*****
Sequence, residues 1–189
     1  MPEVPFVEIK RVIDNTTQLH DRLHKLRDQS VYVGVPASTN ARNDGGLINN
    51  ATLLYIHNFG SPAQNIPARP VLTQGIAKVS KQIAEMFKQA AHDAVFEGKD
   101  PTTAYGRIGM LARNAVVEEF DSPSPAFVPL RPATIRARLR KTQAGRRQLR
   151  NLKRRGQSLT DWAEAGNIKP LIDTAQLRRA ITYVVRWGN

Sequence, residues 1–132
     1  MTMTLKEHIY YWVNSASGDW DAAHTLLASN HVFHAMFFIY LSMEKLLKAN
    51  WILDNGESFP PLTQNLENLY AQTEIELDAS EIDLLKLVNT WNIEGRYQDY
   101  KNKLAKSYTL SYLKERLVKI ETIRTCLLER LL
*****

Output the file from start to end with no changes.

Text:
Sequence, residues 1–189
     1  MPEVPFVEIK RVIDNTTQLH DRLHKLRDQS VYVGVPASTN ARNDGGLINN
    51  ATLLYIHNFG SPAQNIPARP VLTQGIAKVS KQIAEMFKQA AHDAVFEGKD
   101  PTTAYGRIGM LARNAVVEEF DSPSPAFVPL RPATIRARLR KTQAGRRQLR
   151  NLKRRGQSLT DWAEAGNIKP LIDTAQLRRA ITYVVRWGN

Sequence, residues 1–132
     1  MTMTLKEHIY YWVNSASGDW DAAHTLLASN HVFHAMFFIY LSMEKLLKAN
    51  WILDNGESFP PLTQNLENLY AQTEIELDAS EIDLLKLVNT WNIEGRYQDY
   101  KNKLAKSYTL SYLKERLVKI ETIRTCLLER LL